hedge fund ETF
debuted today and with it may come valid questions regarding just
how beneficial ETFs that replicate hedge fund strategies are to
The hedge funds tracked by
Hedge Fund Research
are up just 2.3 percent this year. Over the last five years the
Hedge Fund Research Index has an annualized return of negative 0.6
percent, about in-line with the S&P,
according to Breakout on Yahoo Finance
Translation: Owning the SPDR S&P 500 (NYSE:
) this year would have proven to be a better bet than the average
hedge fund and owning SPY over the past five years would have at
least been cheaper. Those factors beg the question: Are hedge funds
ETFs, often home to high fees and complex strategies, really worth
the hassle for investors?
To be fair, each hedge fund ETF needs to be considered on its
own merits. Here are some that may help clear up the mystery
surrounding these esoteric exchange-traded products:
IndexIQ Hedge Multi-Strategy Tracker ETF (NYSE:
) QAI tracks an index that attempts to replicate the risk-adjusted
return characteristics of hedge funds using various hedge fund
investment styles, including long/short equity, global macro,
market neutral, event-driven, fixed income arbitrage and emerging
markets, according to IndexIQ.
At its core, QAI is an ETF fund of funds because most of its
holdings are other ETFs. That lineup includes familiar names such
as the iShares iBoxx $ Investment Grade Corporate Bond ETF (NYSE:
), the Vanguard Total Bond Market ETF (NYSE:
) and the iShares MSCI EAFE Index Fund (NYSE: ).
QAI debuted not long after the market bottom of March 2009 and
has returned nearly 12 percent since then. The rub is SPY has
surged 72 percent since QAI's debut and QAI charges 1.06 percent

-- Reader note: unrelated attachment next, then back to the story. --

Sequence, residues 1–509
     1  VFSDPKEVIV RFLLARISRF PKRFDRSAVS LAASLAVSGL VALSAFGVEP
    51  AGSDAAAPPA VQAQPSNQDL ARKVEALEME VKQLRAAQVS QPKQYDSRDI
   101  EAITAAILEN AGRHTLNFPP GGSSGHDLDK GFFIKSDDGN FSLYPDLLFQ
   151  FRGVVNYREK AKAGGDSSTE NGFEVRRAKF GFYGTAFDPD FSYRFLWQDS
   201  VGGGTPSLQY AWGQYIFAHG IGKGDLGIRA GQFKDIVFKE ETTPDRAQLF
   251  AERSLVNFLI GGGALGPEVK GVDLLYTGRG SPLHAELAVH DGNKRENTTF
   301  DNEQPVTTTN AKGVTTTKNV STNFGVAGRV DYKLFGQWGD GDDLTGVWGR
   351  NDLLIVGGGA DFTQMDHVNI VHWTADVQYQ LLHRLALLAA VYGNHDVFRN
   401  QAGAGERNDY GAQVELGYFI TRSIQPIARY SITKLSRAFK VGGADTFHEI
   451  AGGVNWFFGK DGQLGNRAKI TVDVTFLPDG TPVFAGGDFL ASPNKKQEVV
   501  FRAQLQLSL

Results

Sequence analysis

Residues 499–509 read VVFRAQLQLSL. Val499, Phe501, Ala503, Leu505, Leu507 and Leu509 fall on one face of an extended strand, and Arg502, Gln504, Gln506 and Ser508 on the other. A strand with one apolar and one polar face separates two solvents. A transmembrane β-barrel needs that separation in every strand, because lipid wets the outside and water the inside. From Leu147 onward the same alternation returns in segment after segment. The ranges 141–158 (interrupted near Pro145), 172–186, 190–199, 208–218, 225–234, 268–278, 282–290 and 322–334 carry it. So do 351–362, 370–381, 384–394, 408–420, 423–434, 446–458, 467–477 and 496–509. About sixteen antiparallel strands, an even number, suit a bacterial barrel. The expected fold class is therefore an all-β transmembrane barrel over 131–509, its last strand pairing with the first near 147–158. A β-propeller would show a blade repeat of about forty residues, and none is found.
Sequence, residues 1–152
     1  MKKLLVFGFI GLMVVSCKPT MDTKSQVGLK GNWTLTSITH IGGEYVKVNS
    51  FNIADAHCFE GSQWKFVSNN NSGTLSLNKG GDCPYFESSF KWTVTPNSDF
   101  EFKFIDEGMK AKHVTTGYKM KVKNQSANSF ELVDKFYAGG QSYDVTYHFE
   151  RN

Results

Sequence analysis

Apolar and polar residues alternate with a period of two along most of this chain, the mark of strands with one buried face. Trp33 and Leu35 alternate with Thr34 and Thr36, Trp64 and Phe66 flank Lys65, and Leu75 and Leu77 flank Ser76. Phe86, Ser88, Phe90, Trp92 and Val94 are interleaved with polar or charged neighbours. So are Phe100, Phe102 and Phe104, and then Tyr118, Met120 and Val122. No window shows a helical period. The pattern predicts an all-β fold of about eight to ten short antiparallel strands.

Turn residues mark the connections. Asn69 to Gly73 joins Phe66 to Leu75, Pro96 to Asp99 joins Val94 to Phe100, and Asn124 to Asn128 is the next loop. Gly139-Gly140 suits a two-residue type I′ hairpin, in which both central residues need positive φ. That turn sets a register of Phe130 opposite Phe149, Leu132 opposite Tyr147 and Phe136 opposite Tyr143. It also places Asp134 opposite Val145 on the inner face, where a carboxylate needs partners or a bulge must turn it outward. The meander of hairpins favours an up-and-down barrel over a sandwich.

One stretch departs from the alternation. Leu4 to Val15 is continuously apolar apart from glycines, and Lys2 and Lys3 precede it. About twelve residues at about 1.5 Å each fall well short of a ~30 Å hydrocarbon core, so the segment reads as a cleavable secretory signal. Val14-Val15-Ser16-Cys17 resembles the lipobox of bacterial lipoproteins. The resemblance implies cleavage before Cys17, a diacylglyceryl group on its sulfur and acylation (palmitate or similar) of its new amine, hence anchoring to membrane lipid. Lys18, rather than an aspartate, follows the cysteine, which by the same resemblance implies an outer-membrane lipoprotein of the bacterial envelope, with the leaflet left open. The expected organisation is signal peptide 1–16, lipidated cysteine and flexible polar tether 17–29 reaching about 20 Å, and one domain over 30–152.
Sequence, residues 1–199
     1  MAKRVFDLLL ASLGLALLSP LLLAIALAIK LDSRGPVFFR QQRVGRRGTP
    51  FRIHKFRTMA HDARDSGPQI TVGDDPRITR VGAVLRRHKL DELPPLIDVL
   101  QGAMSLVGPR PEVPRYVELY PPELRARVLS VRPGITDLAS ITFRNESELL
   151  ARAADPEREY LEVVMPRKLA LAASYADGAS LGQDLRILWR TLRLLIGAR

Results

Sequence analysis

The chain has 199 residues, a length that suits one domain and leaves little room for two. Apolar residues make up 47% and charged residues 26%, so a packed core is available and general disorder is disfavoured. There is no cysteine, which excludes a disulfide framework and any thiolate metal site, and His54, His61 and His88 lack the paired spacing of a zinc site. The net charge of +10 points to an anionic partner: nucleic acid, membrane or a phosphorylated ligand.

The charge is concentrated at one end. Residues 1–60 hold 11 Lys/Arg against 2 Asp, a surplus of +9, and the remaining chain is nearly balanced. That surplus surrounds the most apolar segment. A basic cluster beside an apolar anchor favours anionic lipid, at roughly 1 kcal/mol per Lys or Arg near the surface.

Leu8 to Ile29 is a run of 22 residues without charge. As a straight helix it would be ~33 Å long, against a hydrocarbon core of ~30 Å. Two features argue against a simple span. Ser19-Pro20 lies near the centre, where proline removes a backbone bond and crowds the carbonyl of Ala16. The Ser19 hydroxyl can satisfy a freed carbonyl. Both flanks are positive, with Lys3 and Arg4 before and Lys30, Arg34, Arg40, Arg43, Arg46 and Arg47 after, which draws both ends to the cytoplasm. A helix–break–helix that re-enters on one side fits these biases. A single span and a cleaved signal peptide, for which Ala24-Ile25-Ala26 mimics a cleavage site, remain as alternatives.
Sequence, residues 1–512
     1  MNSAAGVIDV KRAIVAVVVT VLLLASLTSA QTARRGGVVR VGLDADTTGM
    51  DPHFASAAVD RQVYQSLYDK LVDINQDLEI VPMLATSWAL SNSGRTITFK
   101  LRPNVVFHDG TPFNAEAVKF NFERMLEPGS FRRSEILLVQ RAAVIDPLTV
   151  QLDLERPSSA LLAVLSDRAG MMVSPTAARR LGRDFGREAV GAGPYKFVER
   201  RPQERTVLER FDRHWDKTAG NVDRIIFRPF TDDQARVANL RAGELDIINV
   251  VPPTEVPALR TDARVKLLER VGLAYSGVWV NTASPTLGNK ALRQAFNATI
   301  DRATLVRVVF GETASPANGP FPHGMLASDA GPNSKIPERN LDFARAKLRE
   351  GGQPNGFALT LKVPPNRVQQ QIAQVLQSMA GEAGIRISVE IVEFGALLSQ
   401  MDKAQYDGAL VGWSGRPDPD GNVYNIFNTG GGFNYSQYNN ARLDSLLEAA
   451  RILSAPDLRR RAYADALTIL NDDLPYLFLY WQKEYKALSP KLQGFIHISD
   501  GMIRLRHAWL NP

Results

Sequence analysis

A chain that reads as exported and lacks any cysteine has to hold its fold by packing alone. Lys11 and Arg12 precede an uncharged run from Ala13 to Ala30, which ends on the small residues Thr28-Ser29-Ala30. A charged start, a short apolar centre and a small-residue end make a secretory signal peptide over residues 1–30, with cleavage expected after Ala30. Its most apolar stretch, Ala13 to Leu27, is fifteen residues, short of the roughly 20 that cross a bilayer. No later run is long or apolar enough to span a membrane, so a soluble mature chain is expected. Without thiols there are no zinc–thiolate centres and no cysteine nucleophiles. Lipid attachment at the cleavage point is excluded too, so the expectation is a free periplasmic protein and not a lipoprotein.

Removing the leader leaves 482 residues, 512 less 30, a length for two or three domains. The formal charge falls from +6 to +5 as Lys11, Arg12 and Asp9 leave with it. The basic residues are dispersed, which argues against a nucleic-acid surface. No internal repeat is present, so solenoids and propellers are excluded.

per year. Still, QAI has been one of the better-performing and
easier-to-understand hedge fund ETFs.
IndexIQ Hedge Macro Tracker ETF (NYSE: ) The IndexIQ Hedge Macro
Tracker ETF tracks an index that attempts to replicate the
risk-adjusted return characteristics of a combination of hedge
funds pursuing a macro strategy and hedge funds pursuing an
emerging markets strategy, according to IndexIQ.
Like QAI, most of MCRO's holdings are other ETFs, including LQD
and the iShares Silver Trust. Oddly enough, MCRO holds both the
iShares MSCI Emerging Markets Index Fund (NYSE: ) and the Vanguard
MSCI Emerging Markets ETF (NYSE: ).
Not to take anything away from MCRO, which has jumped 10 percent
since its June 2009 debut, but VWO has surged 25.5 percent over the
same time. MCRO is also pricey at almost 1.1 percent per year.
AlphaClone Altertnative Alpha ETF (NYSE: ) The AlphaClone
Altertnative Alpha ETF is new (it debuted in June) and not all that
complex. Passively managed, ALFA's index ranks hedge funds and
institutional investors based on the efficacy of replicating their
publicity disclosed positions, according to AlphaClone. ALFA's
top-10 holdings currently include Apple (NASDAQ: ), Google (NASDAQ:
), PepsiCo (NYSE: ) and Intel (NASDAQ: ).
ALFA is not cheap at 0.95 percent per year, but AlphaClone
makes a compelling case for its index
. That is to say, ALFA could actually outperform SPY going
iShares Diversified Alternatives Trust (NYSE: ) iShares comes
right out and says on its web site that ALT "is not a standard
ETF." ALT is structured as a trust and is not an investment company
registered under the Investment Company Act of 1940. ALT's
objective is provide exposure to asset classes with low
correlations to traditional fare. That really
means futures contracts
ETFs heavy on futures are usually pricey and often disappoint in
terms of performance. That is the case with ALT, which charges 0.95
percent per year and has lost one percent since its 2009 debut.
For more on ETFs, click .
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